Tuesday 20 February 2024

The Battle of Mohrungen, 25 January 1807

 This week’s game was based on the battle of Mohrungen, between the Russians and a French corps under Bernadotte. I used the scenario laid out in Age Of Eagles as the basis for the game. A description of the real events is at https://en.wikipedia.org/wiki/Battle_of_Mohrungen. The Russians started with an advantage of around 2:1 in infantry and 3:1 in artillery, but French reinforcements  would, when they arrived, balance the numbers (more or less). The Russians had to hold and defeat the French and keep their lines of communication open. The French needed to occupy the areas marked ‘V’ on the map, and while doing so destroy the Russians. The French reinforcements would be arriving at Blue Star 1 on the map, while the main French body started in the south west corner. The Russians could deploy  anywhere north of (and inside) the enclosed farm. The Russian CinC GL Roman Anrep (classed as a 9) was not on the table until T6 before which they were commanded by a very mediocre GM Markov (7). 

The view from the southern table edge. 

The Russians placed jägers in the farm, the mill and the village of Georgenthal, with their main body situated around the hill in the centre and linking the garrisons at each end of the line. Interestingly the chose to keep.their horse artillery battery limbered up well back in reserve, which I thought was a refreshing change from the wall-to-wall cannon tactics often used by Russian players, and definitely playing the period and not the rules. They suspected that some French would appear on their flank, and were correct of course.

Dave and Shaun took the Russians, while Paul, Nigel and John the Red (in charge of the reinforcements), were the French, under overall command of Marshall Bernadotte.

So without further ado, here’s what happened. The French moved first and arrived on the table at the southwestern corner and faced 15 or 16 battalions with eight of their own.

The centre of the Russian deployment zone, literally full of troops, largely held in reserve, but their were three battalions supporting the artillery in the centre..

The main body of the French army advancing on the Russians. They looked splendid, before the Russian cannon opened fire!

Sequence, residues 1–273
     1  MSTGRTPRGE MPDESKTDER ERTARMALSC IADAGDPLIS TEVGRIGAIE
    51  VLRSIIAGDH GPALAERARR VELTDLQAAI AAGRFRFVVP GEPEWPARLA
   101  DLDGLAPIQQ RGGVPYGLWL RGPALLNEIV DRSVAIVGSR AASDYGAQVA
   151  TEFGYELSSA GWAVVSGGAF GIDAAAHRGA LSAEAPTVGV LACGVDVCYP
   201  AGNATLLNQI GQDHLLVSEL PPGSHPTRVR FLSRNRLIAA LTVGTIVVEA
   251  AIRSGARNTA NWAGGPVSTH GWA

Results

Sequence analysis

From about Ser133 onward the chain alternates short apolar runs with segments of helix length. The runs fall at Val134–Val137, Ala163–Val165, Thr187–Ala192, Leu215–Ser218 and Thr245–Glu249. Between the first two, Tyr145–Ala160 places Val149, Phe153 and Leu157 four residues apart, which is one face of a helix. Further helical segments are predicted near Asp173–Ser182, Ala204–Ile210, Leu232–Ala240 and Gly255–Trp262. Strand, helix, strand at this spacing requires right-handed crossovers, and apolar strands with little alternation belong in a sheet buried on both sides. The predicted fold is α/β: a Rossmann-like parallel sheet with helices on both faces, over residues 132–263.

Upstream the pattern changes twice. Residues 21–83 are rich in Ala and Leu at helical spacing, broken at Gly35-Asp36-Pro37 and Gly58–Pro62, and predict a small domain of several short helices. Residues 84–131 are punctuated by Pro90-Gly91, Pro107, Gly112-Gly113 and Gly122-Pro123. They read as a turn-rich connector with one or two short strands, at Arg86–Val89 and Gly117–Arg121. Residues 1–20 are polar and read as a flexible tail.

To counter the Russian artillery, the French had just this one small battery of 8-pdrs plus another similar-sized horse battery with the cavalry. I’ve still not finished my actual 1807 French artillery so these chaps from the Revolutionary era were standing in.

The French main body was slow to engage the enemy which meant that the Russians were not fully preoccupied when John brought his reinforcements onto the table, as can been above. The Russian reserves were ordered to face this new threat and drive it off.

The Cossacks tried to delay the French but were unable to stop them crossing the stream.

The large mass of Russian infantry seen in the middle ground was about to descend upon the newly-arrived French.

Fierce fighting around the farm.
Paul’s attack on the farm was prolonged and bloody. The first assault was repulsed. The second saw two battalions break and it was only the third assault that finally forced its way into the farmyard enclosure. 

Nigel’s cavalry caught a Russian battalion who were unable to form square., throwing a double 1. Remarkably the disordered infantry held and the cavalry had to pull back. More to do with extreme dice rolling than anything else.

One of the broken French battalions.

The French advanced on the village of Georgenthal.

The village was defended by jäger and supported by a half battery of horse artillery and a musketeer battalion.

Nigel’s cavalry had ridden 108” in two turns thanks to some low scores,and were now in the centre. They had been about to pounce of the Russian flank but Shaun moved his hussars forward to distract the French.

The French were loosing ground on the left wing.

The Russians were thrown out of half of Georgenthal but were facing three battalions of grenadiers with artillsupport.
Johns reinforcements had been halted by stubborn Russian resistance..

The Russian hussars charged across the stream. The one facing the artillery was destroyed and the othe one was defeated by French dragoons. This meant the Russian cavalry, including the Cossacks, were out of the game shattered.

By now we had played 12 out of maximum of 14 turns. It was too close to call.  The Russians had lost all their cavalry and some infantry but still had more than a dozen battalions and two full artillery batteries in play, and were in no way weakened significantly by the fighting to date. The French were well placed to  isolate and destroy the enemy right wing near the mil, and could have occupied the Russian lines of communication off the table, but dislodging the enemy from their central position would be tough. I decided we had a minor Russian victory to celebrate. Hurrah!

I have really gone off Black Powder. We were all very rusty but compared with Valour and Fortitude they seemed quite slow and clunky. I enjoyed the game as did the players, but not the rules, which disappointed me.


  1. Splendid looking game- wonderful photos.

  2. A criticism of Black Powder? Naughty step for you Ashton! Lovely looking table and armies though.

  3. Excellent battle. I was a bit surprised that the French infantry didn’t bypass the Farm area? A big call.
    Dave J.